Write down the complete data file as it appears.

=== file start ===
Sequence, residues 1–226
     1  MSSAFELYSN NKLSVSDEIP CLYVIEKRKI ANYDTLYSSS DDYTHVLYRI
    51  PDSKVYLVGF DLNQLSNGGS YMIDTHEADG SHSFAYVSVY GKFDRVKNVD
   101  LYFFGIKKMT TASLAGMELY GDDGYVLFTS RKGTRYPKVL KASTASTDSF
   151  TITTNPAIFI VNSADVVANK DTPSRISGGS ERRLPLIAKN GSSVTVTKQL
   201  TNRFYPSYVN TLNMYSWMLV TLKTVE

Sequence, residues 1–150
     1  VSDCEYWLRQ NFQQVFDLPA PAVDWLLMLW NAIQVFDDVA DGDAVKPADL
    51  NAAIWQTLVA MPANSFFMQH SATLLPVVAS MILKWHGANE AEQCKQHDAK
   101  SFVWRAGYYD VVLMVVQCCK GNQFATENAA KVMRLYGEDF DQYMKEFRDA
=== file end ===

Sequence, residues 1–226
     1  MSSAFELYSN NKLSVSDEIP CLYVIEKRKI ANYDTLYSSS DDYTHVLYRI
    51  PDSKVYLVGF DLNQLSNGGS YMIDTHEADG SHSFAYVSVY GKFDRVKNVD
   101  LYFFGIKKMT TASLAGMELY GDDGYVLFTS RKGTRYPKVL KASTASTDSF
   151  TITTNPAIFI VNSADVVANK DTPSRISGGS ERRLPLIAKN GSSVTVTKQL
   201  TNRFYPSYVN TLNMYSWMLV TLKTVE

Sequence, residues 1–150
     1  VSDCEYWLRQ NFQQVFDLPA PAVDWLLMLW NAIQVFDDVA DGDAVKPADL
    51  NAAIWQTLVA MPANSFFMQH SATLLPVVAS MILKWHGANE AEQCKQHDAK
   101  SFVWRAGYYD VVLMVVQCCK GNQFATENAA KVMRLYGEDF DQYMKEFRDA